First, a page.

Harbor Freight Tools is a privately held discount tool and equipment retailer with headquarters in Calabasas, California.  It operates more than 900 stores in 47 states, including 11 locations in Minnesota, stretching from Duluth to Rochester.  Despite its massive size, I must admit I wasn’t familiar with it until the other day, though that’s in keeping with how the only things I do with my hands are eat and type.

The event that led me to learn about Harbor Freight was an announcement by its founder, Eric Smidt, about how it had recently awarded more than a million dollars to skilled-trade teachers in high school across the country; prize money shared with their schools’ skilled trades programs.  That broke down to three first-place prizes of a $100,000 and 15 second-place prizes of $50,000, with the company gearing up to give away another million dollars.  Why, exactly?  Smidt writes:

“I have a special place in my heart for skilled trades teachers, especially those who teach in high school.  We depend on skilled trades workers.  They fix the cars we drive, they build and repair the homes we live in and they do so much more.  Yet more than 1.5 million skilled trades workers will retire by 2024, and there are not nearly enough students entering the trades to fill those jobs.  Even at Harbor Freight Tools, as we’re building and opening two new stores every week, we struggle to find enough skilled electricians, carpenters, plumbers and HVAC technicians.”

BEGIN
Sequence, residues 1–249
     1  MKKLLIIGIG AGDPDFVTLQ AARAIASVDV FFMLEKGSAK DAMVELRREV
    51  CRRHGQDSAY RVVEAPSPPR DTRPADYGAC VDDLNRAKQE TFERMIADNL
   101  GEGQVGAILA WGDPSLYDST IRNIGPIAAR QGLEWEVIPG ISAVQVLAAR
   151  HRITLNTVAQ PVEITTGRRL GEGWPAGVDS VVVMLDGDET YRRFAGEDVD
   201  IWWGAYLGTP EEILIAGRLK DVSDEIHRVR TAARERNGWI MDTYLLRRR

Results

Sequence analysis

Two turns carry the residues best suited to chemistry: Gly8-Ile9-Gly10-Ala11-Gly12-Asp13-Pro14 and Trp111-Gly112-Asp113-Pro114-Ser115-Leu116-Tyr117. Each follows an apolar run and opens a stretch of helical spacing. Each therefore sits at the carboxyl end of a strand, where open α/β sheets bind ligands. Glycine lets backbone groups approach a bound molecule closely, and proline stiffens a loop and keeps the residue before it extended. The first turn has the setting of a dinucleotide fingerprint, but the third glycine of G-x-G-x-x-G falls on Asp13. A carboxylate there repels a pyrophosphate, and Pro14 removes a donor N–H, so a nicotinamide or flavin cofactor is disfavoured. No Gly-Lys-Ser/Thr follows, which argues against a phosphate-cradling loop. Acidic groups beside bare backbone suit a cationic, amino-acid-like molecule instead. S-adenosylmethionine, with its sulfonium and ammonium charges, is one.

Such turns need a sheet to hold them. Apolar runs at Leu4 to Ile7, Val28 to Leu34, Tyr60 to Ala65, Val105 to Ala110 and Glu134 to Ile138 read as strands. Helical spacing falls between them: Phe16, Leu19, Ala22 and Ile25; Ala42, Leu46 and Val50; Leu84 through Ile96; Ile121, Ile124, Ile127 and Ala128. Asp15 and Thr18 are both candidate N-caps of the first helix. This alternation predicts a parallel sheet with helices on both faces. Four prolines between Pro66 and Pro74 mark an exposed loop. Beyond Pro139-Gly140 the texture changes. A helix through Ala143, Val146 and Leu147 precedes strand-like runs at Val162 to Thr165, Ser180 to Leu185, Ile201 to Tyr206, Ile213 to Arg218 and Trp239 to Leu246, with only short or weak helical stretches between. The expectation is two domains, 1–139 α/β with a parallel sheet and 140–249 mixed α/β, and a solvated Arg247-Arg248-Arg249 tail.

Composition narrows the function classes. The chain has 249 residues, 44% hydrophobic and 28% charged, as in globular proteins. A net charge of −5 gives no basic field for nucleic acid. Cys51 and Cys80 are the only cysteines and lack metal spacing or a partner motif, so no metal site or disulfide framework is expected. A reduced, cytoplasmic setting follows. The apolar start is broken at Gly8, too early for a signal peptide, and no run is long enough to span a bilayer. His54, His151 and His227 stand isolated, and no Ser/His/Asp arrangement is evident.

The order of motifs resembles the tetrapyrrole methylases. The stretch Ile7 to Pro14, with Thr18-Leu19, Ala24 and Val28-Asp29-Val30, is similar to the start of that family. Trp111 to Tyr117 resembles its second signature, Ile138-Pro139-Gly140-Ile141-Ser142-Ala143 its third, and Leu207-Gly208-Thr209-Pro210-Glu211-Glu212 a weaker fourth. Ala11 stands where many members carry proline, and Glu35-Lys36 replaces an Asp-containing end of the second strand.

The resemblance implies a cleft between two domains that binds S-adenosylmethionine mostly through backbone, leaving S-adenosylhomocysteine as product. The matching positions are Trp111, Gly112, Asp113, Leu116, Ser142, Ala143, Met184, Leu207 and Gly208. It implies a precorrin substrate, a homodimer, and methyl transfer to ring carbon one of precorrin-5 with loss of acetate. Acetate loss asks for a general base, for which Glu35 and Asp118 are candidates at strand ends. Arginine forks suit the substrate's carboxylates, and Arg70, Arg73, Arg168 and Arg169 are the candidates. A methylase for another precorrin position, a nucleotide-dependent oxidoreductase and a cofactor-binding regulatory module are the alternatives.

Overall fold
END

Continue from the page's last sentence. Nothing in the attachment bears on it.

Suffice it to say, the “Harbor Freight Tools Prize for Teaching Excellence,” is an exceedingly wise and generous program, aligned perfectly with Center of the American Experiment’s “Great Jobs Without a Four-Year Degree” project.  With Smidt’s estimate of more than a million-and-a-half men and women in the trades retiring over the next half-dozen years seemingly consistent with the 10,000 baby boomers retiring every day, for years to come, that that my colleagues and I have been writing and warning about.

It’s easy to insufficiently appreciate the essential role played by highly skilled teachers who train new, highly skilled people in the trades.  Harbor Freight’s prize is a much-appreciated counterweight.


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